Xerox Announces the DocuColor 8080

Jim Hamilton
Jul 7, 2011

Today Xerox announced the DocuColor 8080, an addition to the DocuColor family that will replace the DocuColor 7002 and 8002. The DocuColor 8080 is an 80-ppm production color printer with a stated duty cycle of 1.2 million A4/letter impressions per month. It has a maximum sheet size of 12.6” x 19.2” and a front-to-back registration tolerance of +/- 0.5 millimeters. It supports stocks from 60 to 300 gsm (16 lb. bond to 110 lb. cover). Three color server options are offered: Xerox’s FreeFlow Print Server, an EFI Fiery-based EX Print Server, and a Creo-based CX Print Server. Finishing options by GBC, Standard, and Xerox are also available. Installations of the DocuColor 8080 will begin in August at a list price of $260,000 (including the color server). The DocuColor 8080 will get its first public showing at Graph Expo in September.

Xerox DocuColor 8080

Xerox DocuColor 8080

The main advantage of the DocuColor 8080 over earlier versions is productivity. A few of the productivity tools that had been quietly introduced as improvements to the DocuColor 7002/8002 are now standard as part of the 8080 but one major new component is ACQS (automated color quality suite). ACQS is a set of tools that was initially introduced for iGen and has been applied to other Xerox production color offerings.

Other productivity applications also improve efficiency and throughput. These are part of Xerox’s FreeFlow Digital Workflow Collection. For example, the calibration and paper profiling processes now take less time than previously. With the new full width array spectrophotometer the calibration process takes a minute and a half or so compared to 5 to 10 minutes using the previous process. Profiling is also much faster (previously it took 10 to 15 minutes per stock but it now takes about two minutes). In addition, advances in Xerox’s Profit Accelerator program and Business Development Portfolio provide end users with tools to help them drive volume.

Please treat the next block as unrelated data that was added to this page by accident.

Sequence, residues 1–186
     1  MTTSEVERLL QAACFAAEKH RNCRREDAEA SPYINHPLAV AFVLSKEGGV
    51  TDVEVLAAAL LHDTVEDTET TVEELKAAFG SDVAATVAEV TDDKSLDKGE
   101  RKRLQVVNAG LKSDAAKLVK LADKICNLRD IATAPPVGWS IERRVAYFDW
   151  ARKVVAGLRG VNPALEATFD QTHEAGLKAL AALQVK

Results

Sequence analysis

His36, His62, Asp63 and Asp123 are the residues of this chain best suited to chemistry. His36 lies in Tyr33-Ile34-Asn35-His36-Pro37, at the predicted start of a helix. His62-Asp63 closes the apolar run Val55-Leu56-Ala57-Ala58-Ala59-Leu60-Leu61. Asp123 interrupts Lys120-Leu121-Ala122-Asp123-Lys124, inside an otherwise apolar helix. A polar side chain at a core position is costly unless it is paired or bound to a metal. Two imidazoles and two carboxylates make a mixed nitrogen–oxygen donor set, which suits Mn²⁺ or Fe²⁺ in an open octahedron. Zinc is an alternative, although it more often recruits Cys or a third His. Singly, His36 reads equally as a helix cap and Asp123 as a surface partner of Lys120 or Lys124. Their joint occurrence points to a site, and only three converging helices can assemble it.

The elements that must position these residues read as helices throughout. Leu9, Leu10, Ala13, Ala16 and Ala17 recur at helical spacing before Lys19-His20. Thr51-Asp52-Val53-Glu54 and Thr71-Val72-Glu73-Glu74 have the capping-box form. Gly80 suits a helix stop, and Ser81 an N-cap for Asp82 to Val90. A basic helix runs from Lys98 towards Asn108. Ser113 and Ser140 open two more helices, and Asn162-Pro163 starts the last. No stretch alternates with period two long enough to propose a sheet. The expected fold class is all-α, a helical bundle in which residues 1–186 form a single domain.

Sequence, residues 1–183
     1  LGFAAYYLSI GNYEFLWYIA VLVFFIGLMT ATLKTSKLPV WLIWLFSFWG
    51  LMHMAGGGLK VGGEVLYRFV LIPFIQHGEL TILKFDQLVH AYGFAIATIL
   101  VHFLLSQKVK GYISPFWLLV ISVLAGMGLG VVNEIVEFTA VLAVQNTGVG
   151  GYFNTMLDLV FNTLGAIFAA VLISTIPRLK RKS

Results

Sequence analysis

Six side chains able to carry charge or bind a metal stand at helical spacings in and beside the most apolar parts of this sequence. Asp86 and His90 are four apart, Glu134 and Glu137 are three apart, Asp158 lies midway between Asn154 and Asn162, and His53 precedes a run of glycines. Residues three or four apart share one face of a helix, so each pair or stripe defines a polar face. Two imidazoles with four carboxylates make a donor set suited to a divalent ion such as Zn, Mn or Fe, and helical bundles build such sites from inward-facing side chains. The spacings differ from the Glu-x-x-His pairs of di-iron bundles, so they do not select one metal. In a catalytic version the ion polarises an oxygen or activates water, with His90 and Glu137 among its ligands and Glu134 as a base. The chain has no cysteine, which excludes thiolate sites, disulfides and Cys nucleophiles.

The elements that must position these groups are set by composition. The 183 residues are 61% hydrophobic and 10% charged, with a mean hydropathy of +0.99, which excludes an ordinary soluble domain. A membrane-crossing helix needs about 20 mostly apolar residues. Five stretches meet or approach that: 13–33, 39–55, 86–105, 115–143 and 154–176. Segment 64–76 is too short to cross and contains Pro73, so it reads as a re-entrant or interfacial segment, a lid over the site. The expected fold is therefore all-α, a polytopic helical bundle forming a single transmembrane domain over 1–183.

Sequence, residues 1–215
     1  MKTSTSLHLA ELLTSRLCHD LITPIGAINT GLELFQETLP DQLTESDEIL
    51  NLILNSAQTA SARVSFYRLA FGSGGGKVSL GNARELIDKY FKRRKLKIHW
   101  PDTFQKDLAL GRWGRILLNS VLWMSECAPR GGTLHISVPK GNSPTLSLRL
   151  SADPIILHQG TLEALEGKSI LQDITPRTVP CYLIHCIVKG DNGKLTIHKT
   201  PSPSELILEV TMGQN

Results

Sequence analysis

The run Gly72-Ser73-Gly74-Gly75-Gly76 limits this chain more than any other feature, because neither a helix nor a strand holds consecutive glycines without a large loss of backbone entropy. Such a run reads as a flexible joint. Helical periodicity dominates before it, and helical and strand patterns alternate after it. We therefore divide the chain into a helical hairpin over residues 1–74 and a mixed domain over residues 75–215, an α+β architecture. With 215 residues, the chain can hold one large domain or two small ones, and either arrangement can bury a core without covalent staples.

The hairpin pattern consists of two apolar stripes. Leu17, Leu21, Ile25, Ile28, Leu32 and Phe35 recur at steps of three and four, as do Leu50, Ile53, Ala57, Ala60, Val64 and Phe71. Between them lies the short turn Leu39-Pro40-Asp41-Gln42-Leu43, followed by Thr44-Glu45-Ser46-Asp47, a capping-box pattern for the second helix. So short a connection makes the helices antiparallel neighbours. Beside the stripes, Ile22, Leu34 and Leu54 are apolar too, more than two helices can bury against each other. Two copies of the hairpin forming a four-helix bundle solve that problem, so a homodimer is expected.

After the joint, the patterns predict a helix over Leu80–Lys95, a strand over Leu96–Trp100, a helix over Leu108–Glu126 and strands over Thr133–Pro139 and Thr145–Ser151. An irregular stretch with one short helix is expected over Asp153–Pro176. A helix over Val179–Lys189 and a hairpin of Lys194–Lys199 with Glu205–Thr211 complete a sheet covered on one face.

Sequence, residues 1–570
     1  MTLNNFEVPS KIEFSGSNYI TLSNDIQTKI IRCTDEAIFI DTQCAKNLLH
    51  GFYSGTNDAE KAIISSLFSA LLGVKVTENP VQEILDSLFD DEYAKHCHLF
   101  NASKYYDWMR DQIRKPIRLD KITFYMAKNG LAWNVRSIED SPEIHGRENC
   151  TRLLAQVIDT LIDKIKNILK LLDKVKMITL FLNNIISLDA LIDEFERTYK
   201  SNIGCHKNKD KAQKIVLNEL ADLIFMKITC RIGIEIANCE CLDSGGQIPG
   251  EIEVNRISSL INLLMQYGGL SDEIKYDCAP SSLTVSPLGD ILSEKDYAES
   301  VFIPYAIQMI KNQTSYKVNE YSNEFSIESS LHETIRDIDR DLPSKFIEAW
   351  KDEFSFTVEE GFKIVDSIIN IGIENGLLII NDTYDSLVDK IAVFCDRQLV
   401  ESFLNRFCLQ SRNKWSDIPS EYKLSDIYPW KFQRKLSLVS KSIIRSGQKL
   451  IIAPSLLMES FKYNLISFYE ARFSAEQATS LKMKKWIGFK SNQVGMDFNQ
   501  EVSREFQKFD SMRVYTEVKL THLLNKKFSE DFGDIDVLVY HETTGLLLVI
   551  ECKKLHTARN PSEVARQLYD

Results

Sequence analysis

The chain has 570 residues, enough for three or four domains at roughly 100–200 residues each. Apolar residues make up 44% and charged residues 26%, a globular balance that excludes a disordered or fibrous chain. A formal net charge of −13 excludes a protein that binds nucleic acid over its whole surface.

The DocuColor 8080 uses a low gloss “dry ink” that provides a matte finish, which Xerox says provides a look and feel that is comparable to offset. These toners are related to but are not the same as the “Matte Dry Ink” that was recently announced for the iGen4 EXP. (See my video blog on this topic.) Xerox began offering these low gloss toners when the DocuColor 8002 was introduced in 2009.

Since the launch of the DocuColor 8000 in September of 2004, the evolution of the product line has moved through a series of product names, from the 8000AP to the 8002 and now to the 8080. The move to the AP version was particularly significant in that it enabled the printing of all supported stocks at rated speed. Previously there was a slowdown for heavier stocks. This ability to print all supported stocks at rated speed is a key differentiator of higher volume products.

Given that the DocuColor 8080 and the Xerox 800 are both 80-ppm products, an obvious question is: “What differentiates this product from the 800?” With a duty cycle of 1.2 million Xerox is positioning the 8080 below the 800 in terms of volume capability (its duty cycle is 1.5 million). In addition, the 800 has 5th station capability that is used for a clear spot coating effect. It also has a slightly larger sheet size (13” x 19.2” versus 12.6” x 9.2”) and a wider substrate range (55 to 350 gsm versus 60 to 300 gsm) than the 8080. These factors are reflected in the price. The DocuColor 8080’s $260,000 list price is well below the $350,000 base price of the 800.

Now that the 7002 and 8002 have been replaced by the 8080, and the DocuColor 5000 and other DocuColor products are no longer sold, the 8080 becomes the sole Xerox product to carry the DocuColor brand. Xerox is leveraging its productivity tools to extend the DocuColor brand, while at the same time offering a higher-volume product (the Xerox 800) at the same speed point. Productivity really is the main story behind the DocuColor 8080 announcement and today’s announcement speaks to the importance of productivity improvements that go beyond the speed of the device.

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